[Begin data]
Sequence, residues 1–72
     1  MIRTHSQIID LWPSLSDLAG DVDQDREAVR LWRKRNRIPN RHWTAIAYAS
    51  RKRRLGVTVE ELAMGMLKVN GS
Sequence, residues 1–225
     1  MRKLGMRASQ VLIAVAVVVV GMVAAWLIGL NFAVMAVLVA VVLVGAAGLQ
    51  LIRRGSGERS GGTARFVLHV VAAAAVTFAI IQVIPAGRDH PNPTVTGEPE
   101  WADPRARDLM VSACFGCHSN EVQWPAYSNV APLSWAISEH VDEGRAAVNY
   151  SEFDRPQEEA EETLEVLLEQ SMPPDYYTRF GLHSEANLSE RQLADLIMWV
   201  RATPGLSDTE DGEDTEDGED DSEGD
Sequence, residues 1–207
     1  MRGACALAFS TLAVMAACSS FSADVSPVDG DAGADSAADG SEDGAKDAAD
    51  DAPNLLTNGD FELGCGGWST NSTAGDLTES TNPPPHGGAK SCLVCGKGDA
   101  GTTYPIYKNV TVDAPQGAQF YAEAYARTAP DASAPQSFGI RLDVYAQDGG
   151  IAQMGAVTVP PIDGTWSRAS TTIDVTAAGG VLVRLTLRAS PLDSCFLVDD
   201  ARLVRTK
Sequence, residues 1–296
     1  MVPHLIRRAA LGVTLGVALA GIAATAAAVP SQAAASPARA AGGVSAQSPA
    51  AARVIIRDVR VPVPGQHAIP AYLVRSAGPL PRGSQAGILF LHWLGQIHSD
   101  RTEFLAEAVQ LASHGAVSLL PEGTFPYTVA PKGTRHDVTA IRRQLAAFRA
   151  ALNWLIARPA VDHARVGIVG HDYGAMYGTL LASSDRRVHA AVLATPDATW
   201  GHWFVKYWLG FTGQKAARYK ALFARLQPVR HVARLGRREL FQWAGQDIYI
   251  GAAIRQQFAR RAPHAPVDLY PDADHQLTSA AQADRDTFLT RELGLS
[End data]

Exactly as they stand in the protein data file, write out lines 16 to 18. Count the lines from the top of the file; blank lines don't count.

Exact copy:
Sequence, residues 1–296
     1  MVPHLIRRAA LGVTLGVALA GIAATAAAVP SQAAASPARA AGGVSAQSPA
    51  AARVIIRDVR VPVPGQHAIP AYLVRSAGPL PRGSQAGILF LHWLGQIHSD